Having worked with them for many years, I can tell you that Pepsi/Frito-Lay does not consider consumers as their customers; they consider retail establishments and food distributors their customers. They are likely not intending to insult consumers (it just happens as collaterol damage) while they go for share of shelf, menu, and truck. Of course consumers have to buy the products, but there are bundling, promotions, and exclusive contracts to help with that. Mostly they’re managing categories with the retail contract in mind. They have to seem exciting and full of portfolio ideas for the retailer, as if they were helping that retailer to set itself apart from other retailers. It’s still a Potemkin village of course in the end.

  11. John

    I stopped eating Doritos back in the 70’s when I realized they were poisoning me. Total energetic collapse and brain fog for half a day after ingestion.
    20 per day exposure to their advertising sounds like CIA torture ops to me. I’d tell them anything they wanted to hear after 5 repetitions.

    1. Nce

      Maybe that’s the reason my pro paper was written so poorly, hah. The only time I ate that junk was during all-nighters, when I’d use the snack machine in the hall around 2 am.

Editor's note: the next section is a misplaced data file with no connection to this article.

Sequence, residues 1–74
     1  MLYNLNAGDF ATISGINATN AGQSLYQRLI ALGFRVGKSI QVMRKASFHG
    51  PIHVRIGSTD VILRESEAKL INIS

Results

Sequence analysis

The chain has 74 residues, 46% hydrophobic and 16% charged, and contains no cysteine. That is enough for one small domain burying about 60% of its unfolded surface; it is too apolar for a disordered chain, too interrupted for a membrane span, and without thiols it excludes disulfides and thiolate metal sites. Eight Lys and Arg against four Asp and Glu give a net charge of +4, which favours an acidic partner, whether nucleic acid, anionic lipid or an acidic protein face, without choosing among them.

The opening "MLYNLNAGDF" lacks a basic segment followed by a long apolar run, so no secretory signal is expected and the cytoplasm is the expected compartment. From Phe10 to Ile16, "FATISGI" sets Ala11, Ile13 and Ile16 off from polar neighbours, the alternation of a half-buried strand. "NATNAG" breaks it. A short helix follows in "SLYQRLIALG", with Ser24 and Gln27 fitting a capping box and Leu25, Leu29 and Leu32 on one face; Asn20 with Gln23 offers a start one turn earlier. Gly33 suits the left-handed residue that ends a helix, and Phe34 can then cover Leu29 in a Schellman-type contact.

12. FluffytheObeseCat

    Equating school boards’ efforts to retain some local self determination against a grandstanding, White House eyeing governor with branding flim-flam is a real weak bit of baloney. As is insisting on arrogance and contempt as the motivation in either case.

    Neither bogus branding games nor mask requirements particularly hurt anyone. However, branding silliness is not analogous to public health rulings. Whether wisely or not, no one thinks up junk food marketing gimmicks in order to protect the health of the general population.

    But that huge distinction isn’t all that is wrong with this author’s arguments. He makes his two, carefully negative inferences about the branding, and likens it to including masks in school dress codes, without making any effort to convince the reader that he has a shred of evidence for his assertions about motive.

    He made no mention of any price increase associated with the lame rebranding did he? Given the author’s strained effort to imply it was indicative of contempt (not lack of imagination, not loss of more experienced marketing personnel due to attrition or downsizing, both of which could be supported with publicly available evidence) you think he might show some real injury to the marketing target, like price gouging. But he either didn’t have data to support such a conclusion or didn’t bother to look for it.

    He gives no proof to support any of his assertions. He clearly does not believe he needs to. He’s writing for the pleasure of an audience that is already convinced that contempt is the main motive of the classes of people* he’s attacking: marketing drones and the similarly middlebrow, middle management type who handle school district dress codes.